Get ready for Walktober 2019
This year we are running the amazing Walktober again and My Journey Hampshire are giving away some top prizes for families that take part.
Keep a look out for a travel plan leaflet that will come home with your child soon.
This year we have themed Walktober around the NHS’s “Five Steps to Wellbeing”. Evidence suggests that these are five steps we can all take to improve our mental wellbeing:
Sustrans’ annual Big Pedal is the UK’s largest inter-school cycling and scooting challenge. Each spring, schools compete to see who can get the most pupils, families and staff members to arrive on two wheels. The more that do, the greater the chance to win some fantastic prizes from bike and scooter storage to cycle stunt shows by the UK’s best riders. The competition is weighted according to the size of the school, so everyone has a fair chance to win!
Walk to School Week is the Living Streets initiative which invites children and parents from around the UK to unite for one week of walking to school. To find out more about Walk to School Week and resources for schools, visit the Living Streets website.
To support walking, the Go Jauntly walking app is available to download and supports people to get active through a collection of inspiring walks. Find out more and discover local routes and tailored walking challenges.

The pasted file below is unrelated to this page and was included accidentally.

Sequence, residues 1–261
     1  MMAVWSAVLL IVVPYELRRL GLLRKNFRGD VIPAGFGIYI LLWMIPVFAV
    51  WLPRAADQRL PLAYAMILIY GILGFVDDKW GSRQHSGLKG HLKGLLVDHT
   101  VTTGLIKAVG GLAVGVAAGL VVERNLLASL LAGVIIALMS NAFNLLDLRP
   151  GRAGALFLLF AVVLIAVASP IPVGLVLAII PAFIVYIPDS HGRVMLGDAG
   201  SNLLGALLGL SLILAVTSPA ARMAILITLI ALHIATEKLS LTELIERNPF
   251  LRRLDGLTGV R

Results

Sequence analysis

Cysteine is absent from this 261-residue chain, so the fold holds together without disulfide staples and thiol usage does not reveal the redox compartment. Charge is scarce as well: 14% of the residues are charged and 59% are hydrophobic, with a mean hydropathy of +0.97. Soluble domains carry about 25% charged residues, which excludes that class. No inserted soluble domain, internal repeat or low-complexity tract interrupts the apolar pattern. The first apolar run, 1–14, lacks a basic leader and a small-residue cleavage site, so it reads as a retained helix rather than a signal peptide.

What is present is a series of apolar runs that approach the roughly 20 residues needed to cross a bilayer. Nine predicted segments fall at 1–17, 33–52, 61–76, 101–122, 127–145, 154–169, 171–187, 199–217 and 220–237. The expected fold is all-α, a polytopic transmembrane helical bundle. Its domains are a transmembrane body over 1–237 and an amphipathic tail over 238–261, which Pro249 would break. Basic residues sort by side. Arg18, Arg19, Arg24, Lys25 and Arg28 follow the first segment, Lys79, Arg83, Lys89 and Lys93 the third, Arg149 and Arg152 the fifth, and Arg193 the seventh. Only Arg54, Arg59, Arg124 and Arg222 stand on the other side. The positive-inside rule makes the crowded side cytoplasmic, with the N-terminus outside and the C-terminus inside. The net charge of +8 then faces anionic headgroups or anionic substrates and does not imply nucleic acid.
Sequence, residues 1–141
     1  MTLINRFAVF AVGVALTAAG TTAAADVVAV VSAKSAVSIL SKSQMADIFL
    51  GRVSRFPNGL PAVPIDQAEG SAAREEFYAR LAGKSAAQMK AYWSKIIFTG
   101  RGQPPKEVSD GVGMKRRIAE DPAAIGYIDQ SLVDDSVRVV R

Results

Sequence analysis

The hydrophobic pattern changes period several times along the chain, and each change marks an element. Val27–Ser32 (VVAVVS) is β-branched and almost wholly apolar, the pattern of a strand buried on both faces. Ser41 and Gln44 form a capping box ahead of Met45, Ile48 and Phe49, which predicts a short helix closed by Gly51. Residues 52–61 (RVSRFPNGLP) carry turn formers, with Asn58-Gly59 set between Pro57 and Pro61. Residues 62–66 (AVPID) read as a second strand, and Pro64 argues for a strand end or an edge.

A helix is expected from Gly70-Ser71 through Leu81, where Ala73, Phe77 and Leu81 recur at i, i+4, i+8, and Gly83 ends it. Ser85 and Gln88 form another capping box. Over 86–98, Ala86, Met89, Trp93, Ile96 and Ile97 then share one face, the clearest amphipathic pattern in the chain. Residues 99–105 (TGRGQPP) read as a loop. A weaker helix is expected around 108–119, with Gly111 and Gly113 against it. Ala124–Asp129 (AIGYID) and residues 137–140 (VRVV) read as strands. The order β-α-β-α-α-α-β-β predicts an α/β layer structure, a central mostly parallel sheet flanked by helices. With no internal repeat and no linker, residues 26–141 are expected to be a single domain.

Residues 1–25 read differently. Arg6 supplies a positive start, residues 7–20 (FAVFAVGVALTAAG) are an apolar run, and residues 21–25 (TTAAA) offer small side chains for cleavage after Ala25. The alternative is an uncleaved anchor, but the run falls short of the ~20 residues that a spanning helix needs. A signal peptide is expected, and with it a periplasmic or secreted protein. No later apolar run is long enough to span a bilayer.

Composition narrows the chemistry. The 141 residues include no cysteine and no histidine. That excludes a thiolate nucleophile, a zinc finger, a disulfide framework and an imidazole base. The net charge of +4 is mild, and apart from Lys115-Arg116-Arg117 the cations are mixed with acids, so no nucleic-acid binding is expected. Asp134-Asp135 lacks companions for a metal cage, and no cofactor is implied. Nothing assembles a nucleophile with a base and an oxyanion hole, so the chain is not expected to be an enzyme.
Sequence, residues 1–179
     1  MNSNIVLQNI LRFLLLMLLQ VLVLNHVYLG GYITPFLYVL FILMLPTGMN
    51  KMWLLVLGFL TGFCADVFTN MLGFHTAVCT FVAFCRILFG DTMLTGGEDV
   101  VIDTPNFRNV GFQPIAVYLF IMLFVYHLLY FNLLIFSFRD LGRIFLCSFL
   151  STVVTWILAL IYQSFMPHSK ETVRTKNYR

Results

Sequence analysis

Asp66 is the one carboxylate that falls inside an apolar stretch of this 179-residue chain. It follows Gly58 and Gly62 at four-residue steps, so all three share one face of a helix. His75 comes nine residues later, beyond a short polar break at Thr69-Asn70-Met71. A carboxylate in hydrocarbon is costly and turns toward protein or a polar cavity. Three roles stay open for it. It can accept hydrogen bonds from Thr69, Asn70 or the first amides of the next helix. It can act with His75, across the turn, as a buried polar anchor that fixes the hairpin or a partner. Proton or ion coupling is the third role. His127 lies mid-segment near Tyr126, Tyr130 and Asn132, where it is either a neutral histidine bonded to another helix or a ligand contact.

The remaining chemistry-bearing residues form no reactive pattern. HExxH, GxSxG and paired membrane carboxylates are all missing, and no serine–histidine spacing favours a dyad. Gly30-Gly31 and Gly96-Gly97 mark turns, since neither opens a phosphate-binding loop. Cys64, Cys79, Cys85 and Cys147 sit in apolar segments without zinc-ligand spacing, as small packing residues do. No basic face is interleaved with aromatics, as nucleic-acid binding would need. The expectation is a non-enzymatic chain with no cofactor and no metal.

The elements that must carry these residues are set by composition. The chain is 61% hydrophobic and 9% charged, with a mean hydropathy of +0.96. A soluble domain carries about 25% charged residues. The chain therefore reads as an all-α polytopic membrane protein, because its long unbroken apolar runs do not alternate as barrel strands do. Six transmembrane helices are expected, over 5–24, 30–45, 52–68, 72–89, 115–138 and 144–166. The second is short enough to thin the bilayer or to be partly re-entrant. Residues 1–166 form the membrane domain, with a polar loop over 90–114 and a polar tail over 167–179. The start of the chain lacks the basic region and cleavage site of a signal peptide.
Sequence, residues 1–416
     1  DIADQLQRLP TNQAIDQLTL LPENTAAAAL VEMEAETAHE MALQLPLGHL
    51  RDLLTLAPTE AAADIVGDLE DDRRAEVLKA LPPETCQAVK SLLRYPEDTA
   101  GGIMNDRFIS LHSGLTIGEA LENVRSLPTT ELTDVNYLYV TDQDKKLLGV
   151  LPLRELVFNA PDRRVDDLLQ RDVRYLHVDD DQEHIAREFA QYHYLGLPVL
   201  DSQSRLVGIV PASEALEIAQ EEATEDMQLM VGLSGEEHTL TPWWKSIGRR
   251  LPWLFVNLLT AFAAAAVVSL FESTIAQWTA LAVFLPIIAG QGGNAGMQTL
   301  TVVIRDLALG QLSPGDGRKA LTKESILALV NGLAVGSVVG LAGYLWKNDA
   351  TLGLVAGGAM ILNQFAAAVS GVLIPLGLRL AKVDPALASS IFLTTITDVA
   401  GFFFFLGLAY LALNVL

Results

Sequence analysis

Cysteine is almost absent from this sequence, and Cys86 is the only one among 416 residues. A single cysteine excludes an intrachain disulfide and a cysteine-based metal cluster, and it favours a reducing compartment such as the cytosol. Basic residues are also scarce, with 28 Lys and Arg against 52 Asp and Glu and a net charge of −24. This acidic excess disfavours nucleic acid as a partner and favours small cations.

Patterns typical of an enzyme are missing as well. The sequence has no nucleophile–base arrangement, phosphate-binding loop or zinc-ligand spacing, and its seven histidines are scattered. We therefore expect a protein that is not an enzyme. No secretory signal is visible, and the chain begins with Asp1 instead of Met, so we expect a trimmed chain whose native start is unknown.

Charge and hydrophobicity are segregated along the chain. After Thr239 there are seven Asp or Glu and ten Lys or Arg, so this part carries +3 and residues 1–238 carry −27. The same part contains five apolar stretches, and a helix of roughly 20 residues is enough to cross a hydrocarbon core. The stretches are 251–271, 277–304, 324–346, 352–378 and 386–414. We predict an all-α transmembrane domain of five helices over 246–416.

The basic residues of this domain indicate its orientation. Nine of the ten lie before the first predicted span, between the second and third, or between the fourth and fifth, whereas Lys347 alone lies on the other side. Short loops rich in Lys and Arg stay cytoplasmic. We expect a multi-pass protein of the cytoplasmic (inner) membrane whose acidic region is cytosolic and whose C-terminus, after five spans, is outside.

By setting a good example you can ensure your child remains safe and develops road and traffic awareness. You might also want to follow these simple tips when crossing the road with your child.
On the pavement...
When walking near a road it is a good idea to:
hold your child's hand - don't let them run ahead
look out for and encourage your child to be aware of hidden entrances or driveways crossing the pavement
put reins on a younger child if they're not strapped in a pushchair
make sure your child walks on the side of the pavement away from the traffic
It can be hard for motorists to see small children, especially when they are reversing, so take extra care. Never let your child go near a road alone or even with an older child. Children are generally not ready to cross roads on their own until they are at least eight years old - and many will not be ready even then.
Crossing the road...
When the time comes to teach your child about crossing the road, remember the following:
You might feel that pedestrian crossings are safe, but they can still be dangerous for children if they don't take care. Remember to: